"Would you at least do some homework before you post so folks like myself don't have to waste time responding to nonsense?"

Your response is highly ironic. Someone didn't do their homework, and it wasn't StormR.

0 ( +2 / -2 )

It says the revenue came from previous periods, which would be before the April hike.

Jeff -- huh. Did you not read the entire statement, or just hope I didn't? In either case, here it is:

Tokyo will fund the package with unspent money from previous budgets and tax revenue that have exceeded budget forecasts.

Which, is exactly consistent with what I said:

But, we also know that much of the increase in tax income came from the increase in the consumption tax,

Your response is highly ironic. Someone didn't do their homework, and it wasn't StormR.

Really, Jeff? Point out a single statement I made that is not supported in fact, as opposed to your and StormR's wishful thinking. But I'll match my BS in Economics and MBA (from two well-known Ivy League schools) against either yours or StormR's knowledge of fiscal and monetary policy anyday.

-6 ( +1 / -7 )

Really, Jeff? Point out a single statement I made that is not supported in fact, as opposed to your and StormR's wishful thinking. But I'll match my BS in Economics and MBA (from two well-known Ivy League schools) against either yours or StormR's knowledge of fiscal and monetary policy anyday.

Both JeffLee and StormR is correct.

First of all, under the revised law in regards to consumption tax, it is used exclusively to fund the social security and service costs only under the general budget.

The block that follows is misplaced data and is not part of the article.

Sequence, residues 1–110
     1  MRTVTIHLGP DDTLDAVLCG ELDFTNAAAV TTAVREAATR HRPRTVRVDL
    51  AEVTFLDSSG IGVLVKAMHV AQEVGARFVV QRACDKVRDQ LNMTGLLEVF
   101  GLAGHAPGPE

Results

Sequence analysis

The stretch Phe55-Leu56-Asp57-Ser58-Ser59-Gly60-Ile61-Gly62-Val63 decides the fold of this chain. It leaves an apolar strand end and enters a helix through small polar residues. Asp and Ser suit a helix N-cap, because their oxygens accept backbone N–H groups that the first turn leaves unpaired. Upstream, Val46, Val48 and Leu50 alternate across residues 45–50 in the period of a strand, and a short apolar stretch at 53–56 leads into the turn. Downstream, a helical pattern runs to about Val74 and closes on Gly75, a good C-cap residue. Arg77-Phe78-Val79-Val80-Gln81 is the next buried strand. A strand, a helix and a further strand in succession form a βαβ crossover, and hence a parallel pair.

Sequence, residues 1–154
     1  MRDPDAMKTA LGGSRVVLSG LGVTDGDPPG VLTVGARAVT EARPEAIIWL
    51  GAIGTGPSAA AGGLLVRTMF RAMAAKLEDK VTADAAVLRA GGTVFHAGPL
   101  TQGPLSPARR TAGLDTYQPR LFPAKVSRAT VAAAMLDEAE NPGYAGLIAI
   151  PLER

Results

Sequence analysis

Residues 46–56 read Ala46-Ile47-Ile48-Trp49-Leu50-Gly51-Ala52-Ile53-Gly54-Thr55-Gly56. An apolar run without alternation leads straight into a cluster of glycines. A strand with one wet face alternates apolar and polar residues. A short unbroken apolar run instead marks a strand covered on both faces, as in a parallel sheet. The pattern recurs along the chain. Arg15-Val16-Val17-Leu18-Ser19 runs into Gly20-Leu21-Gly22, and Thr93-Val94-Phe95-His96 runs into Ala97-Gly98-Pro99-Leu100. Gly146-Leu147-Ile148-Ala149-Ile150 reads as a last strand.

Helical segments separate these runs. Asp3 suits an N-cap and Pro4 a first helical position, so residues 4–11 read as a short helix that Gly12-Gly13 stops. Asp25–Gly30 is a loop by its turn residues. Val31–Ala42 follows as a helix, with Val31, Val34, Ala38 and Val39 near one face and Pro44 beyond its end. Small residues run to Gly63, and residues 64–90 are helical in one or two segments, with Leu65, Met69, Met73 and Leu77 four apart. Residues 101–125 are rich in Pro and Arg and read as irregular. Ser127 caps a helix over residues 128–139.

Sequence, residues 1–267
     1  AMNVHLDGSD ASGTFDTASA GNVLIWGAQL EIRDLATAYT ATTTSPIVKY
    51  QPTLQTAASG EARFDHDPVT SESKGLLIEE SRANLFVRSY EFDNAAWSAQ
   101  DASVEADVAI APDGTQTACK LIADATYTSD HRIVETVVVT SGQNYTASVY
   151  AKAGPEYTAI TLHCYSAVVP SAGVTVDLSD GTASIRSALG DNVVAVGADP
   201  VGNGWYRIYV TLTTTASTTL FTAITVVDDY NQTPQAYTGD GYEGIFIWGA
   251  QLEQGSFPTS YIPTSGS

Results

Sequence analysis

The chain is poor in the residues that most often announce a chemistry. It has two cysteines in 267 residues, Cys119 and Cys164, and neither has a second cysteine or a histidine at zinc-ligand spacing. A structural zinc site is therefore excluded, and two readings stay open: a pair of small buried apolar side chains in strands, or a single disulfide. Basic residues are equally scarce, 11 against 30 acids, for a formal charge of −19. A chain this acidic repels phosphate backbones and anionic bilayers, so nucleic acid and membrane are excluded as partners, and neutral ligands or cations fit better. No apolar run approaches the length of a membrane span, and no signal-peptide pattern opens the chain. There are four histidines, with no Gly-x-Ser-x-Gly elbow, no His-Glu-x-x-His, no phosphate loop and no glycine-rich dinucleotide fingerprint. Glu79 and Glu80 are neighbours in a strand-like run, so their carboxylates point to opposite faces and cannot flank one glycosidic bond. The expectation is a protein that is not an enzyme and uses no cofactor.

As the below link indicates (pg 21), the 1.725 trillion yen in extra tax revenue does not include consumption tax.

http://www.mof.go.jp/budget/budger_workflow/budget/fy2014/sy270126/sy270126h.pdf

1 ( +3 / -2 )

My wishful thinking ?

Listen jerseyboy, we know the economy appears to be improving when we consider news reports of recent times,

We know tourism is up to record levels bringing in record amounts of overseas funds. We know manufacturing is turning the corner going on recent news. We know that employment figures are improving ( even if just a little ). We know that the governments tax revenue is up because of companies improved profits and the sales tax increase. We know that some companies have increased salaries for some. We know that consumer spending is on the rise. We know the trade deficit has tilted in japans favour from previous months.

These are all things WE KNOW and that have been reported on right here in recent weeks, facts not wishful thinking.

0 ( +1 / -1 )

Another positive is the price of oil has collapsed, that should help. No thanks to the pathetic Japanese government for that though.

Tax revenues up is good, but problematic is that they are still close to 40 trillion yen a year short given the outrageous level of spending. If only there were twice as many companies in Japan (producing twice the tax revenues) things would be fine. Japan really needs another bubble to support this sort of government behaviour.

We know the trade deficit has tilted in japans favour from previous months.

Heh, still a deficit though. Take the current account instead. Let's hope that can remain in the black.

0 ( +0 / -0 )

The falling price of oil has had probably the greatest effect on Japan's economy the last 6 months.

-1 ( +0 / -1 )